Analytic Studies Using SEM and FESEM

in Tech on 29th June 2020

Scanning electron microscopy (SEM) is often used when you need to perform an analytic study or failure analysis for an object or product. SEM allows for high-resolution magnification of surfaces and provides a depth of field that is over one hundred times that of comparable light microscopy. When combined with energy dispersive x-ray spectrometer (EDS) readings, it’s possible to obtain both qualitative and quantitative information about the chemical composition of the object being studied.

The Field Emission Scanning Electron Microscope (FESEM) provides information similar to the SEM, but allows a much enhanced resolution and covers a broader energy spectrum. Together, these devices allow scientists and engineers to do in-depth analyses that covers broad topics ranging from consumer safety at contaminated sites to nutrition and health information about food. These tools are also of great value when studying catastrophic failure of structures that were built using concrete, steel and other materials.

Lead in the Soil Near the Golden Gate Bridge

The iconic Golden Gate Bridge linking San Francisco and Marin County was built during the 1930’s. At the time it was constructed it was painted with two lead-based paints, one a red primer and the other a top coat. Lead was later recognized as a hazard and in 1965 a project began to remove the lead paint and replace it with a zinc-based coatings.

Unfortunately, initial soil samples taken from under the bridge showed lead content that was above acceptable levels. The source of the lead could have been the original paint or it could have been caused by accumulations from leaded gasoline that was in use for many years. Scientists were called in to do a chemical analysis using SEM-EDS and were able to pinpoint minutes flecks of paint mixed in with grains of sand and quartz. The chemical profile and layers of the minute paint flecks matched samples from the bridge and it became clear that the lead in the soil originated with the Golden Gate Bridge.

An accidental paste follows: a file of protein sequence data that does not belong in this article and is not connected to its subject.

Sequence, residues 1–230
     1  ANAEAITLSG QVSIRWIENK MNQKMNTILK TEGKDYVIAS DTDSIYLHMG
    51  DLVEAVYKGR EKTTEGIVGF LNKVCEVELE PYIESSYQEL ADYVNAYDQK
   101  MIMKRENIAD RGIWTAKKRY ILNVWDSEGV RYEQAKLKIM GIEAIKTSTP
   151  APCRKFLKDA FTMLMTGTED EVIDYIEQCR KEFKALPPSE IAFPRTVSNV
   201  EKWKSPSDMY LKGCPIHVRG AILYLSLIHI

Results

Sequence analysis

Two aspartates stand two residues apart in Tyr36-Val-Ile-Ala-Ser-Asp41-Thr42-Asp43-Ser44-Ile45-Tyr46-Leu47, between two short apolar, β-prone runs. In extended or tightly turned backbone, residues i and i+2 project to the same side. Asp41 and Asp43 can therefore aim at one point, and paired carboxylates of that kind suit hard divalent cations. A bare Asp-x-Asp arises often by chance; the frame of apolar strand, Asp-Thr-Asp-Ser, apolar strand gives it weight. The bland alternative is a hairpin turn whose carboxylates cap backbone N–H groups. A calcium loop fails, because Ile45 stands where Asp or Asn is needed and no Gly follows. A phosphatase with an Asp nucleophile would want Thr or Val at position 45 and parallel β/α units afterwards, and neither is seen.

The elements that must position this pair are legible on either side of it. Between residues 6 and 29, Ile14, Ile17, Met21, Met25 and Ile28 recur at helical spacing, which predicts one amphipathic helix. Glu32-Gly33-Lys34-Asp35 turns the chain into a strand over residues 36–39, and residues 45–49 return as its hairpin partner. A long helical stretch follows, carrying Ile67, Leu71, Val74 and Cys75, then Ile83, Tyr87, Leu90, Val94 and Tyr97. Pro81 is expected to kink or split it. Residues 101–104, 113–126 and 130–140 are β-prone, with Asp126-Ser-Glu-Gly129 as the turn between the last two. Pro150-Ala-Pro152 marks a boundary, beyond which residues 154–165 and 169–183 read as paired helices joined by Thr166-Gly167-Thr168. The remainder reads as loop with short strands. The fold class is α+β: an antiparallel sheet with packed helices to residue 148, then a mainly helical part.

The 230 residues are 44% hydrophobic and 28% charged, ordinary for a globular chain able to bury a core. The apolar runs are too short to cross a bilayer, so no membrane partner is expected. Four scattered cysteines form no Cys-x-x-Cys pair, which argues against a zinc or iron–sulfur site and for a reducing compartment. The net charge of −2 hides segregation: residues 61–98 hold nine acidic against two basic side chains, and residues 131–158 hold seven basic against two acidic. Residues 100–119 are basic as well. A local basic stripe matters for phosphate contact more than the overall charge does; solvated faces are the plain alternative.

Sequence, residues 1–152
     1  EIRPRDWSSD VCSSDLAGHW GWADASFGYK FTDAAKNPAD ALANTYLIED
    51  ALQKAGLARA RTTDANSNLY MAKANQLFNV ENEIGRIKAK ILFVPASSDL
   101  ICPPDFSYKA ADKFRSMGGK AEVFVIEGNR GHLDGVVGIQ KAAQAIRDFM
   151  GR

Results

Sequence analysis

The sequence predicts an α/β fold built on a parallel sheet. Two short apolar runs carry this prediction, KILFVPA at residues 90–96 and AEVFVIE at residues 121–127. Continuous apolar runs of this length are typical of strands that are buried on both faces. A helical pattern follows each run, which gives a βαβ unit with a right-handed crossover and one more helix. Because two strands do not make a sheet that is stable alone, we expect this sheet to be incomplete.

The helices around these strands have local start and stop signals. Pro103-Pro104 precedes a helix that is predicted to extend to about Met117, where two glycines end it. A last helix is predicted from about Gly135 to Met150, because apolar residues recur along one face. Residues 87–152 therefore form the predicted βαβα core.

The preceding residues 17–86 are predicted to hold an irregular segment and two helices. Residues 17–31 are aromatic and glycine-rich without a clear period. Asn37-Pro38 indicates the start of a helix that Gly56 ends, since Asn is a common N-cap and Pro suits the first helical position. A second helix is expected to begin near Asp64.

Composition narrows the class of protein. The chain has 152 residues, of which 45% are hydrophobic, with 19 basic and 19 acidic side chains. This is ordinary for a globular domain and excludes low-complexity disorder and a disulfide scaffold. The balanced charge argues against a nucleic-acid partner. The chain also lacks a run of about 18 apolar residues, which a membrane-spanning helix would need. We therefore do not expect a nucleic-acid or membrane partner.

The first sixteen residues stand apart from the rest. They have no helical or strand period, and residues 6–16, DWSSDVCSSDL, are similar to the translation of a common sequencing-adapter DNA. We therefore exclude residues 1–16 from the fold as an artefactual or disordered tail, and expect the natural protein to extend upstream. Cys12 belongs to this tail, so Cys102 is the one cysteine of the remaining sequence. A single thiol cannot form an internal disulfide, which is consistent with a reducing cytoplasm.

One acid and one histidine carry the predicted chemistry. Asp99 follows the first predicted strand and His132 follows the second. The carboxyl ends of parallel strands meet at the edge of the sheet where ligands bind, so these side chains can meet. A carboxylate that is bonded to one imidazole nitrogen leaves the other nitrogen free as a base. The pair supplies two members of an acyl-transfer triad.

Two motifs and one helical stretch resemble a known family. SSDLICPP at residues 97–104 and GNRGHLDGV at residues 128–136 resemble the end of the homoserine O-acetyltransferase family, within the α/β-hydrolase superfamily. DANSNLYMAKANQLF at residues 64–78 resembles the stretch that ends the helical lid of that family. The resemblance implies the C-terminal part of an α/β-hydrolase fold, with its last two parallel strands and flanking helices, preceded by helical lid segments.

Studying Probiotics on Pan Bread

Probiotics are live organisms that help with our digestive health and companies are very interested in discovering innovative ways to include probiotics in their food products. One idea being studied was to create an edible film that would act as a carrier layer for probiotics applied to the outside crust of pan bread. This study was necessary because probiotics can degrade during production processes due to mechanical, heat and other stresses.

Bu using a SEM, technicians were able to study the probiotics and the edible films and chart any degradations discovered due to changes in drying conditions or composition. The SEM study determined that variances in drying conditions did not harm the probiotics and that they were intact within the edible layer applied to the bread. It was noted that the edible film did not hurt the bread crust and that a slightly thicker film offered even better probiotic protection.

Developing Composites Based on Bamboo Fiber

Engineers were interested in studying bamboo as a natural fiber for creating composites to be used in construction. By mechanically rolling and untwining the bamboo, the fiber developers hoped to fracture the bamboo fibers so that they could be made stronger by applying a resin to them. The process of breaking down the fibers, called brooming, would allow developers to make a much stronger bamboo product.

By using an FESEM, scientists were able to examine the bamboo fibers that were rolled and untwined using a mechanical process. They observed that this process literally smashed the cellular structure of the bamboo and actually created microfractures between fibers. This allowed for the resin to be immersed into them and thus created a much stronger bond between fiber and resin.

If you need to do an in-depth study of material compositions or perform a failure analysis, then SEM and FESEM devices can provide the scientific answers you are seeking. When combined with EDS, they give valuable insights into both the material composition and elemental makeup of the materials being studied.

Categories: Tech

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